An army officer, Perón was the leader of a group of colonels that rose to prominence after the overthrow of the government of Ramón Castillo in 1943, a group which supported the fascist and Nazi movements in Italy and Germany. As secretary of labor and social welfare, and later as minister of war and vice president, Perón was the real power behind the administration of Edelmiro Farrell. By backing the labor unions and decreeing extensive welfare legislation, he won the allegiance of Argentine workers, who became the backbone of his support. Imprisoned in 1945 after a coup, he was released following mass demonstrations of workers, and was elected president by a huge majority in 1946.
His political program, which he called a third position between capitalism and communism, was strongly nationalistic, anti-imperialist and anti-United States. It was based on rapid industrialization and economic self-sufficiency. In power, Perón became increasingly authoritarian: opponents were jailed, the press was muzzled or shut down, and education was strictly controlled. With the aid of his popular second wife, Eva Duarte de Perón, he converted trade unions into a militant organization, known as the descamisados [shirtless ones], along fascist lines.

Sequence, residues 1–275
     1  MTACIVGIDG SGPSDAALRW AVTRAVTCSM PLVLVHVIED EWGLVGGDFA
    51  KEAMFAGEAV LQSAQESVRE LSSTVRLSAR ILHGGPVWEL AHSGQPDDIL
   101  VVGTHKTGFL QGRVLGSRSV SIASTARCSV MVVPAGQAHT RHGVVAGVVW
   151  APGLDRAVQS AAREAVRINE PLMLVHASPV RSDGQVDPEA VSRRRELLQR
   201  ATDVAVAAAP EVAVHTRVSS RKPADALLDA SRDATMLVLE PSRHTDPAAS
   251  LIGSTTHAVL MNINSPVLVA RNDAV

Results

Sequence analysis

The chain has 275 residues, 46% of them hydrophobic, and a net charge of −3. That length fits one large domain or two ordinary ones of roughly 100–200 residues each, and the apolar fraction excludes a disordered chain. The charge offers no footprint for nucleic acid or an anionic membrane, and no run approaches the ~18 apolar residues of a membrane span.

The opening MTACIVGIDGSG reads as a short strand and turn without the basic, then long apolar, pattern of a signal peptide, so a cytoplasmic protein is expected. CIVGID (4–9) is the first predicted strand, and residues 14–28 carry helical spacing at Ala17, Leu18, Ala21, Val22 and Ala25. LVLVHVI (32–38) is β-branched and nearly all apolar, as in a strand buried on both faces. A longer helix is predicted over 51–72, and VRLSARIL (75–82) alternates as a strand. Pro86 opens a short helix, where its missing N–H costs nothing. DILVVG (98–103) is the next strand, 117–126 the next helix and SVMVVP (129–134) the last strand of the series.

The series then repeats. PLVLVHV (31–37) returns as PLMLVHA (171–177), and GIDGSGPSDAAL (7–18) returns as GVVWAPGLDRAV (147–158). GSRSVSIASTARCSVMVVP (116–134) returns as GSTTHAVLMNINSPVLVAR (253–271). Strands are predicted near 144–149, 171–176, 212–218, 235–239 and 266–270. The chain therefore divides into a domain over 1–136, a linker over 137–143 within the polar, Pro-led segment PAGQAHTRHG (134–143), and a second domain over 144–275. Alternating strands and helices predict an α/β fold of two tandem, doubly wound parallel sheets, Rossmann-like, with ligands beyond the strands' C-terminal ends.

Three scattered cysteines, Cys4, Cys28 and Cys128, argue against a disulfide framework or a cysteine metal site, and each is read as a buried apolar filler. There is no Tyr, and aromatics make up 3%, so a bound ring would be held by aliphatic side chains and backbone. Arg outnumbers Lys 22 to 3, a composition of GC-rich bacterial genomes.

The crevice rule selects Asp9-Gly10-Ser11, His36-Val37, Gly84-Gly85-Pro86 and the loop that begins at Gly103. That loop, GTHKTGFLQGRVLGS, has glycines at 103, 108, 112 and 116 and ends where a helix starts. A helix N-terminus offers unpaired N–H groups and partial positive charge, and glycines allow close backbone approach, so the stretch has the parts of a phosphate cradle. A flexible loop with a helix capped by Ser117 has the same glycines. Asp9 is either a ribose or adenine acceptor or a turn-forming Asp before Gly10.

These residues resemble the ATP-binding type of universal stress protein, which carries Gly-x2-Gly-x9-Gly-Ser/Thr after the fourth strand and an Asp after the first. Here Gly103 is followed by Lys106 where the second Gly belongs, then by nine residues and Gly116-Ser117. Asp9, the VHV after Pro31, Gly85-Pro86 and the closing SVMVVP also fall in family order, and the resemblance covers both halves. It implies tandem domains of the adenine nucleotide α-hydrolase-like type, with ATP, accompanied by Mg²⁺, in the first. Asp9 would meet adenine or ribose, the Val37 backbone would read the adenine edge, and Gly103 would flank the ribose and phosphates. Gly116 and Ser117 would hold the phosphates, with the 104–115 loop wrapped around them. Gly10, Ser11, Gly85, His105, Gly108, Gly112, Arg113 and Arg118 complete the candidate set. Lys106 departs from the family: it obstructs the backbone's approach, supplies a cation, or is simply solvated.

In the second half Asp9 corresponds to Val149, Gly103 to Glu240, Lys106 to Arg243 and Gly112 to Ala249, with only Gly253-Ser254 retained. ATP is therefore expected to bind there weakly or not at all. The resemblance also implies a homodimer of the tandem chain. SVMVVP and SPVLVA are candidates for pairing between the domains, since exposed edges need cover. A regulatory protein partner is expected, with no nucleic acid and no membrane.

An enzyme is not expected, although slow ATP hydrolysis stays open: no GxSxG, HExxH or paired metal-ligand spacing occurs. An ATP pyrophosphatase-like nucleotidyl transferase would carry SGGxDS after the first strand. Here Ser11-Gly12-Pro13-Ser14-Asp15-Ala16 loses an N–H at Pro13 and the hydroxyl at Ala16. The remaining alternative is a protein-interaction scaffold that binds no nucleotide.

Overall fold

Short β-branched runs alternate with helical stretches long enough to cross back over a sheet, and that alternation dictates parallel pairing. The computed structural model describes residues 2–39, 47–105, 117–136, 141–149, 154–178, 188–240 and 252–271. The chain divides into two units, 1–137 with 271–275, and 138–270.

Peronist support weakened by the early 1950s as the price of wheat and beef fell and the economy deteriorated. The death (1952) of Eva Perón, who had commanded an enormous political following, also contributed to his decline. An anticlerical campaign launched by Perón led to his excommunication in June, 1955. The unusual coalition of labor, reactionaries, nationalists, churchmen, and military leaders that had supported Perón came apart. The military seized power the following September, forcing him to flee, first to Paraguay and ultimately (1960) to Spain. Peronismo nevertheless remained the most powerful political force in Argentina.
The Columbia Electronic Encyclopedia, 6th ed. Copyright © 2012, Columbia University Press. All rights reserved.